By A K Prabhakar
“Whenever you find yourself on the side of majority, it is time to pause and reflect” – Mark Twain
It is considerably convincing that if the quality of a nation’s progressive, democratic and intellectual health has to be determined, then one only needs to take into account and compare the ideological narratives (cultural and historical) that the nation have had so far to the narrative its leadership offers. There are narratives that retain political reasoning and therefore, one’s social-cultural health. And then, there are narratives that sow seeds of equality, critical reasoning, enlightenment and collective progressivism.
Asmita Theatre Group has now brought ‘Hindu Code Bill’. A play which reopens an astonishing account that defers starkly with narratives that claim India’s becoming through several stages. It stages politically essential questions such as:
“Is not the sense of majority, derived from traditional and conventional understanding, a political silence that makes us termites against our own potential (collective and individual)?”
“How is it wise to have a historical consciousness that disapproves any dialogue with history?”
“Should not political correctness, based on principles of critical and dialectical understanding of one’s own socio-political tendencies, precede one’s conclusion to agree and disagree, approve and disapprove, acknowledge and discard?”
“How crucially important it is to carry along legends and legacies that are found on principles of constant reformation of perspectives that live up to egalitarian progress?”
It is precisely within these concerns that one finds Asmita’s productions worth attending; since it has chosen not to conclude but to reopen discourses. It has unified courage, principles and theatre into a production that offers a scintillating journey through a well documented and factually consistent narration of the course which the Hindu Code Bill went through. The course where ‘not so eager’ Congress falls into silence, where the President and Speaker of the constituent assembly backed by traditional forces became abysmal winners, and the rebel for the cause, Dr.B.R. Ambedkar ended up with resignation (from cabinet, not from cause).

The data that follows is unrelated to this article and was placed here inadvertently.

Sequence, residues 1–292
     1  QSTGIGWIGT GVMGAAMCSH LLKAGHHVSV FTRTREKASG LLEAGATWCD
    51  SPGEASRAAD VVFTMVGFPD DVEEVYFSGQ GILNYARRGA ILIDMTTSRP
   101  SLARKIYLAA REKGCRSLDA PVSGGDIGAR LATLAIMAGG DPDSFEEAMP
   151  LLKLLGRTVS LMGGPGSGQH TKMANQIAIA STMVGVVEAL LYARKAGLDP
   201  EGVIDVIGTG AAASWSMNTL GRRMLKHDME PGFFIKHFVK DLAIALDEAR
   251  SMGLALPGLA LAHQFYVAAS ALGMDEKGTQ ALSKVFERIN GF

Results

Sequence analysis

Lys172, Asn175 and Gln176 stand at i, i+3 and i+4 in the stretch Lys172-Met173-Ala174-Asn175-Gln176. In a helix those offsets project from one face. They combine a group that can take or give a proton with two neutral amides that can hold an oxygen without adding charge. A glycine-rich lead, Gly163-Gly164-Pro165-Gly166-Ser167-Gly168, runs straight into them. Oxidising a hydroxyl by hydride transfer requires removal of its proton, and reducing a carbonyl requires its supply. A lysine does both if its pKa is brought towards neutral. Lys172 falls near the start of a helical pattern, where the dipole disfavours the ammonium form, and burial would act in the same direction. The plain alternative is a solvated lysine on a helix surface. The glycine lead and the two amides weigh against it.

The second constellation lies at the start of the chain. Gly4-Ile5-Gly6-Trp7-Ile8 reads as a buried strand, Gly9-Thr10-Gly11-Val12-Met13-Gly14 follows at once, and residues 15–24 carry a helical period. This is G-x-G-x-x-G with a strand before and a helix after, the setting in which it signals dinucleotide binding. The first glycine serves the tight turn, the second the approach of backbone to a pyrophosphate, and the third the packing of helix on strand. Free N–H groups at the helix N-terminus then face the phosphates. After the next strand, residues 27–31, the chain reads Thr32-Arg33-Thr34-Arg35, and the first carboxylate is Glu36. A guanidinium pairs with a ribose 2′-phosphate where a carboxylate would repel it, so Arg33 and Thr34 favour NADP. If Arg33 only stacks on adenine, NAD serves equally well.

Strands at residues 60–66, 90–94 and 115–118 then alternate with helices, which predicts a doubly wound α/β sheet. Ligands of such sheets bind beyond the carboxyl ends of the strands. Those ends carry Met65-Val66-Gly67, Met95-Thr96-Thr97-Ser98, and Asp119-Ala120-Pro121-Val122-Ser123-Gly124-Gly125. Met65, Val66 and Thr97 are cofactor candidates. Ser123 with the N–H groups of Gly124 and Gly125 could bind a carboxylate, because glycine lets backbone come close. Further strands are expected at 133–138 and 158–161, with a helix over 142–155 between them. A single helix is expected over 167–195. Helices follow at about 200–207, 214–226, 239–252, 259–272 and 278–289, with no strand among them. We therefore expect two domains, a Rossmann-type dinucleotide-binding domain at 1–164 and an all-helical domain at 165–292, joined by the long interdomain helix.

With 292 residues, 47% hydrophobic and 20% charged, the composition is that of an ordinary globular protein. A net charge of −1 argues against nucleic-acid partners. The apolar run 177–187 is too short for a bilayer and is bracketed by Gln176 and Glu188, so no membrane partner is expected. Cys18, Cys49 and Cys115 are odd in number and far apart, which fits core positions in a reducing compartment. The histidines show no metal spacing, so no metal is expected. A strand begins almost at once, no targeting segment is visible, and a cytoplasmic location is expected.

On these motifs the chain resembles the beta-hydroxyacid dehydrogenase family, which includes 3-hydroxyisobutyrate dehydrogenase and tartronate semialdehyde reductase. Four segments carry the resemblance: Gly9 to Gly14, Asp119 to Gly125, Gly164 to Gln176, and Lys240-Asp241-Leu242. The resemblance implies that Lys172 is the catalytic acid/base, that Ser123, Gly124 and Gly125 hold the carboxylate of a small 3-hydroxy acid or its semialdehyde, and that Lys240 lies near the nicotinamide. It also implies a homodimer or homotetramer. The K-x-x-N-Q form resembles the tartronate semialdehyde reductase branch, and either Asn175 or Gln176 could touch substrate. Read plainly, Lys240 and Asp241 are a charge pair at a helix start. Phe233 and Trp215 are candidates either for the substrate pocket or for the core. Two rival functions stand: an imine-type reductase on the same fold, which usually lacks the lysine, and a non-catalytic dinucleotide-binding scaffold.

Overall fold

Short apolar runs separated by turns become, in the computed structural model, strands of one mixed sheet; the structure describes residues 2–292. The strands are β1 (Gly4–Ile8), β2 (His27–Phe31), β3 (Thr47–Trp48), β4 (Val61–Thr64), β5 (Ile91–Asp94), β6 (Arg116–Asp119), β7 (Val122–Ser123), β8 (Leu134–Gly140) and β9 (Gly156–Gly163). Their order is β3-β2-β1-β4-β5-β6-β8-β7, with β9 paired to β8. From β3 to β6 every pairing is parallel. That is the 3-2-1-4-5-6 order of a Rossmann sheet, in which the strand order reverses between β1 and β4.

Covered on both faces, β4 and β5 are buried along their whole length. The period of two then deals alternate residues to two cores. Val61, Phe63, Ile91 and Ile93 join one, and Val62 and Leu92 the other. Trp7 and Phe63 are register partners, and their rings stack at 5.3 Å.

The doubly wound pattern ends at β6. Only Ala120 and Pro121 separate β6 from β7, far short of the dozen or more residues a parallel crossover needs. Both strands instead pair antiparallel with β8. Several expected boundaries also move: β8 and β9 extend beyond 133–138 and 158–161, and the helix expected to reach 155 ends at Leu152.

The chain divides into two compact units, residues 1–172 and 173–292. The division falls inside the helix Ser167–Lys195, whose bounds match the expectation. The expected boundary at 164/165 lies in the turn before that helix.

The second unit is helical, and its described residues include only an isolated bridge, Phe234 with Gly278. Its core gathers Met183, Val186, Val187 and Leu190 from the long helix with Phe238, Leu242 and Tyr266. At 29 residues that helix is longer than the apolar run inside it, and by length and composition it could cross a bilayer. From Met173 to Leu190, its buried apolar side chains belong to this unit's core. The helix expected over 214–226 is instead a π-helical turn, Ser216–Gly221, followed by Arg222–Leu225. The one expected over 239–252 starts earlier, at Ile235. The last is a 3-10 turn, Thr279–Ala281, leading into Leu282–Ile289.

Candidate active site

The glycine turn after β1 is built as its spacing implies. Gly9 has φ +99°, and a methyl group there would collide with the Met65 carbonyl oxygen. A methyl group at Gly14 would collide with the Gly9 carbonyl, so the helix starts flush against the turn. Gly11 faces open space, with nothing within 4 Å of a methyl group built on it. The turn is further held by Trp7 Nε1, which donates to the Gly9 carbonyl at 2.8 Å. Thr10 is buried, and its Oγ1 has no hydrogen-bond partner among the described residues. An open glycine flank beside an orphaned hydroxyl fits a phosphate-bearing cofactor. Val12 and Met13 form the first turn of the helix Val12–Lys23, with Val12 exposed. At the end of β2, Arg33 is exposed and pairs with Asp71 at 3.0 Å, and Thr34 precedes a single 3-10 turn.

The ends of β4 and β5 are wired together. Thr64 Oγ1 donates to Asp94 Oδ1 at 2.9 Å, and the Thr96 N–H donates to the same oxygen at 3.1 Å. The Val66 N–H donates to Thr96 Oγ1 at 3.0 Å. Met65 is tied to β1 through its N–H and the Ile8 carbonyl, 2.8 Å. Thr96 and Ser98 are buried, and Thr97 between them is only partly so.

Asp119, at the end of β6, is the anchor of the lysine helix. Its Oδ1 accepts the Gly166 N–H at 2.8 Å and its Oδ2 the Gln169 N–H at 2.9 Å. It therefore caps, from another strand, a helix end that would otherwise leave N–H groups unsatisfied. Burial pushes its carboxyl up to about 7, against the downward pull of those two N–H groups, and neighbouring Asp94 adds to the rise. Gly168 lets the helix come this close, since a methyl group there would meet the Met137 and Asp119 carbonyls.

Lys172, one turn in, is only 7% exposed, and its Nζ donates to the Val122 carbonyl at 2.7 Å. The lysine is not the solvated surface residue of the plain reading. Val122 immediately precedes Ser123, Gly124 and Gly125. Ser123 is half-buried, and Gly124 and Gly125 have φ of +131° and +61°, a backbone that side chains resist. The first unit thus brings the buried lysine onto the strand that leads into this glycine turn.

The play’s theme turns out to be an eternal one and two folded.
The first is: “Why should history be conceived without dialogue and why not resist its being selective, depending upon the ideologies of prevailing parties?”, and the second remains a consequence to the first one, that it is precisely in the repression of these narratives that India’s heritage of intellectual courage and egalitarian legacies becomes one of gaps and fissures.
When the play was staged on 6th December this year, it had the presence of people who came with a preconceived assessment on its material, to the point of discarding it straight away without watching it. But the last thing that followed the play was that of dialogue, sour but yet there. And that is where that play wins. It makes you have a dialogue, the only thing which remains decisive and indispensable for the sake of well configured future of our nation and nationalism.
A nationalist is one who is able to criticise his/her own prejudices, beliefs and notions. One who talks to his/her nation’s history instead of giving it a mute pilgrimage. Well, this is what Hindu Code Bill develops on the stage.
Don’t miss the play when it comes again.